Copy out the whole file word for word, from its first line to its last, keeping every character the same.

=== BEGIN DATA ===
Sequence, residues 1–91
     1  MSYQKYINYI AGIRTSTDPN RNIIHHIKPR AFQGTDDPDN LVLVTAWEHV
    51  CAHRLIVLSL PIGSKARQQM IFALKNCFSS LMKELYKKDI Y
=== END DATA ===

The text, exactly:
Sequence, residues 1–91
     1  MSYQKYINYI AGIRTSTDPN RNIIHHIKPR AFQGTDDPDN LVLVTAWEHV
    51  CAHRLIVLSL PIGSKARQQM IFALKNCFSS LMKELYKKDI Y